• Complication contingency plans for any pregnancy challenges that arise that can jeopardize the mother or baby’s health.

There’s a lot to consider when you’re planning to start a family, but these points are a good start to get you on your way. Once you’ve got even a rough idea of what your pregnancy needs will be medically, you’ll also need to start thinking about how to cover the costs associated with your care.

a chinese baby in a tutu marvels at a cake and the decorations around her, symbolizing the result of a well planned maternity leave and maternity insurance situation

Financial planning and maternity insurance in China

Since we’ve covered maternity entitlements and the various medical needs you might encounter, now’s the time to talk about finances and maternity insurance. Not only is bringing a child into this world a big time commitment, it’s also going to cost a lot. Maternity-related care is often one of the most expensive services to receive from hospitals, and China is no exception to this.

Before we talk meeting the costs of care, let’s look at some questions you can ask yourself to make sure you’re ready for being a parent:

  • Is it what you really want? Or are your parents’ desire to become grandparents clouding your judgment?
  • Will it be easy to get pregnant? How likely is it that you’ll pass down genetic conditions?
  • Are you ready for a career break, if that’s what is needed initially?
  • Have you got enough room? If not, can you afford to upgrade or replace big-ticket items (like a bigger car, renovating a baby room, moving to a bigger home) to accommodate a child?
  • Do you have savings prepared? How will the increased spending associated with raising a child impact your current finances and financial goals?
  • What changes will you need to make to your lifestyle? Are you ready for changes?
  • And more.

If you foresee that finances might be a bit tight in your current situation, one reprieve might be to purchase a maternity insurance plan for China. What these products do is help you out with the costs associated with receiving maternity care. At American-Sino Shanghai Hospital, one of the top maternity hospitals in Shanghai, the cost of giving birth is:

  • Prenatal Care Package: 15,000 to 25,000 RMB
  • Normal Delivery: 45,000 to 90,000 RMB
  • C-Section Delivery: 70,000 to 110,000 RMB

Maternity insurance can also provide a range of added benefits, from underwriting of a newborn to coverage for vaccinations, leaving parents to focus their efforts on remaining healthy and delivering the baby, stress-free, into the world.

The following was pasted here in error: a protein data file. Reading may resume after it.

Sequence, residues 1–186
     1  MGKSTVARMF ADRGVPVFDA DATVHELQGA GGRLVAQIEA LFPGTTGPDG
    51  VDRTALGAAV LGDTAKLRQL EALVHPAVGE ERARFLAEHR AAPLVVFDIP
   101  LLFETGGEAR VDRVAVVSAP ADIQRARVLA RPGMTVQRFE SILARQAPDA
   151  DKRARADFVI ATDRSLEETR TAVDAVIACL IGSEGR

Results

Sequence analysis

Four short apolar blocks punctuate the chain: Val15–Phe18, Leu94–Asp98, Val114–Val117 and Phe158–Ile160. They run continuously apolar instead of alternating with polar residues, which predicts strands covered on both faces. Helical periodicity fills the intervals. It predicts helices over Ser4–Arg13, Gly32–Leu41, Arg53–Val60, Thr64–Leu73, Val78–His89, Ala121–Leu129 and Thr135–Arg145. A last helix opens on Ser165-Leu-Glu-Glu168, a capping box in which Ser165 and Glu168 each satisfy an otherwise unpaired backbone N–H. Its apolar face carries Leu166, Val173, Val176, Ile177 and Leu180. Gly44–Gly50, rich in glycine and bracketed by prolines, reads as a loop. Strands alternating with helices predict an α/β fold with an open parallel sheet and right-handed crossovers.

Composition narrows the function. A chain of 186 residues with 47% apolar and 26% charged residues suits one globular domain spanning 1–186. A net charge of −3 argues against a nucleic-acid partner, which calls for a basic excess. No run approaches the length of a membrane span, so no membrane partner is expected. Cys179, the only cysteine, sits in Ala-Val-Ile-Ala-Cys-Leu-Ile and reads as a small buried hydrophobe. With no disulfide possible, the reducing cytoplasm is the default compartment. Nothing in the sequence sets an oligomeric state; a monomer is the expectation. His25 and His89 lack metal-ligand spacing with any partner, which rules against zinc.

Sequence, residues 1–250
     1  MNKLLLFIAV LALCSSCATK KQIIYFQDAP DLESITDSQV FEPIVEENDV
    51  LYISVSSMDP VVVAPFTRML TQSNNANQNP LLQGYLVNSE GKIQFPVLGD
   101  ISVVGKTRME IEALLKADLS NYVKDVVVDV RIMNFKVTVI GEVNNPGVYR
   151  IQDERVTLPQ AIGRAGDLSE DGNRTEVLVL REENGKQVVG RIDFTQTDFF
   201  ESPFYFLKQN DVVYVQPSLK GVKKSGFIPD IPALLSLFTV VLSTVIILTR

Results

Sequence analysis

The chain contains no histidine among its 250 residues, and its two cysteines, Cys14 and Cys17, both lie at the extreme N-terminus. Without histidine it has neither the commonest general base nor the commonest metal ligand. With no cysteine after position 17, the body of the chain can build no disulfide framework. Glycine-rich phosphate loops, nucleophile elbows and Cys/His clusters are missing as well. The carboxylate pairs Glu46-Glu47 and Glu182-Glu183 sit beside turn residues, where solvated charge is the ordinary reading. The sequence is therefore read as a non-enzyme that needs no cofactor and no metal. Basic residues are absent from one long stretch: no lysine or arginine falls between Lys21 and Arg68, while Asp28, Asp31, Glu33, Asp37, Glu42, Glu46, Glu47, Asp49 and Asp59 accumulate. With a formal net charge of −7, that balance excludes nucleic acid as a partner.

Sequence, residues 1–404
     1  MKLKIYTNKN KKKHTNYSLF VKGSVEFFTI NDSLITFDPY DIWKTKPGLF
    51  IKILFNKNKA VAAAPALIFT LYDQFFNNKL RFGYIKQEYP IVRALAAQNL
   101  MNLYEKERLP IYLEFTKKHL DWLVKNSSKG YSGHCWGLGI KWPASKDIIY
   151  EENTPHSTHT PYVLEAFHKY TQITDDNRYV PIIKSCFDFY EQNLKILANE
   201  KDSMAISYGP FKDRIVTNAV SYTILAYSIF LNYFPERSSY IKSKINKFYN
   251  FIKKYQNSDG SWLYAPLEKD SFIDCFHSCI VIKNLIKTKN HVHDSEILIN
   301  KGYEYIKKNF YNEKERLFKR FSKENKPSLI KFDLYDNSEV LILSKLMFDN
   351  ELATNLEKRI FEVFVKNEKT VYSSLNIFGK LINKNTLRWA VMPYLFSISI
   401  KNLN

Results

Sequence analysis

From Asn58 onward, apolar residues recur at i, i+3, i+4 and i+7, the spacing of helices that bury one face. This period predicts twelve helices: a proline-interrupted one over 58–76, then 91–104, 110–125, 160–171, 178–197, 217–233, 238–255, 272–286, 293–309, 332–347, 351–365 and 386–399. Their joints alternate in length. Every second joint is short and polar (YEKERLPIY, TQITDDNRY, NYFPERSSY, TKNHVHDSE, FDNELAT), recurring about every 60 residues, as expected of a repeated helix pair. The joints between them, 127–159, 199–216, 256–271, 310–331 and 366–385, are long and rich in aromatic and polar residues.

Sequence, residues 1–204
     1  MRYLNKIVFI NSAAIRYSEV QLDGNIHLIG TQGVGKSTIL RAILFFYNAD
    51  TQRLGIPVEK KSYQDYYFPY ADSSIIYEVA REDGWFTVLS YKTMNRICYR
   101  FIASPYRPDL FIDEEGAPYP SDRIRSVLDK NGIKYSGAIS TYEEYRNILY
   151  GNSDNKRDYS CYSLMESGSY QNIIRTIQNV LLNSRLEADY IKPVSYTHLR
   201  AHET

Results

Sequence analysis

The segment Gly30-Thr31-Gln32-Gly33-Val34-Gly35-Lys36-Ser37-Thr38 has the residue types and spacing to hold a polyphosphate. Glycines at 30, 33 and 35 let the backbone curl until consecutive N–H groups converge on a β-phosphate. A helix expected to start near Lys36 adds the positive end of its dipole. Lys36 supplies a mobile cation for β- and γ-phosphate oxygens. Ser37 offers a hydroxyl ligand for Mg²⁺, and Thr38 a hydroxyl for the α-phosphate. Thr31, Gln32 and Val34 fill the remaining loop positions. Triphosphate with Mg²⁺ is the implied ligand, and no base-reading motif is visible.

What do I need to know about maternity insurance and care options in China?

Local, specialist knowledge is always key to making the right decision for your maternity care in China. While this can be especially true for expats unfamiliar with China’s health system, local citizens can also find themselves lost amongst the different hospital and treatment options available. When there’s a need for expert advice and simplifying insurance matters, choose Pacific Prime China.

In fact, we’ve made it even easier to understand what your maternity insurance options are when you’re planning for a pregnancy in China. We’ve recently released two valuable maternity insurance in China guides:

Inside these resources are useful insights and helpful discussion related to planning for maternity care in China, as well as price comparisons to help you paint a picture of the costs you may face. These guides have been created using our extensive understanding of China’s health system, the range of maternity insurance products available, and from actual cases, in which our consultants have helped real clients for over 20 years now.

If you’re interested in learning more, our health guides section also includes resources on the Public vs. Private health sectors in China; further empowering you to make the right choice when it comes to which facility to deliver your baby at. In addition to this, you can check out our blog for a range of helpful maternity and newborn articles.

Whether you’re looking for individual health insurance, family health insurance, maternity insurance, or more, check out our online comparison tool for a free quote. Alternatively, contact our expert team of advisors today, which includes both Chinese and expat moms, for a personalized insurance consultation.

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Disclaimer: Pacific Prime China solely represents, operates and manages locally regulated insurance products and services in the territory of PR China. Any references to Pacific Prime Global Company or Group, the international services, insurance products or otherwise stated written or verbally, is for introduction purposes about our overseas network only as each entity is fully independent.